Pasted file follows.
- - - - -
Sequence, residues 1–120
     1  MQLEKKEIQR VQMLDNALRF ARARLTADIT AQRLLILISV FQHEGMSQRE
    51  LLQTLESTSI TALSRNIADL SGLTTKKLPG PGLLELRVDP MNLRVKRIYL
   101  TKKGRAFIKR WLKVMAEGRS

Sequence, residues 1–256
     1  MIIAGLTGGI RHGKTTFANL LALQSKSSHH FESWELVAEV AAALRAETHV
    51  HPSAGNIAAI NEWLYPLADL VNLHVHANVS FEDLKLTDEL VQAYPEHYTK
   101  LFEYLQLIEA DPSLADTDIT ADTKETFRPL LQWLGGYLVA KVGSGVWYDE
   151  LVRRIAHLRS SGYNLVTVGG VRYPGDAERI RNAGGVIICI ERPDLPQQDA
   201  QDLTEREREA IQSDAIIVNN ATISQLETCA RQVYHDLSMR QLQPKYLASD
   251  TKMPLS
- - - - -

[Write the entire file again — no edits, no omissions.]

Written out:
Sequence, residues 1–120
     1  MQLEKKEIQR VQMLDNALRF ARARLTADIT AQRLLILISV FQHEGMSQRE
    51  LLQTLESTSI TALSRNIADL SGLTTKKLPG PGLLELRVDP MNLRVKRIYL
   101  TKKGRAFIKR WLKVMAEGRS

Sequence, residues 1–256
     1  MIIAGLTGGI RHGKTTFANL LALQSKSSHH FESWELVAEV AAALRAETHV
    51  HPSAGNIAAI NEWLYPLADL VNLHVHANVS FEDLKLTDEL VQAYPEHYTK
   101  LFEYLQLIEA DPSLADTDIT ADTKETFRPL LQWLGGYLVA KVGSGVWYDE
   151  LVRRIAHLRS SGYNLVTVGG VRYPGDAERI RNAGGVIICI ERPDLPQQDA
   201  QDLTEREREA IQSDAIIVNN ATISQLETCA RQVYHDLSMR QLQPKYLASD
   251  TKMPLS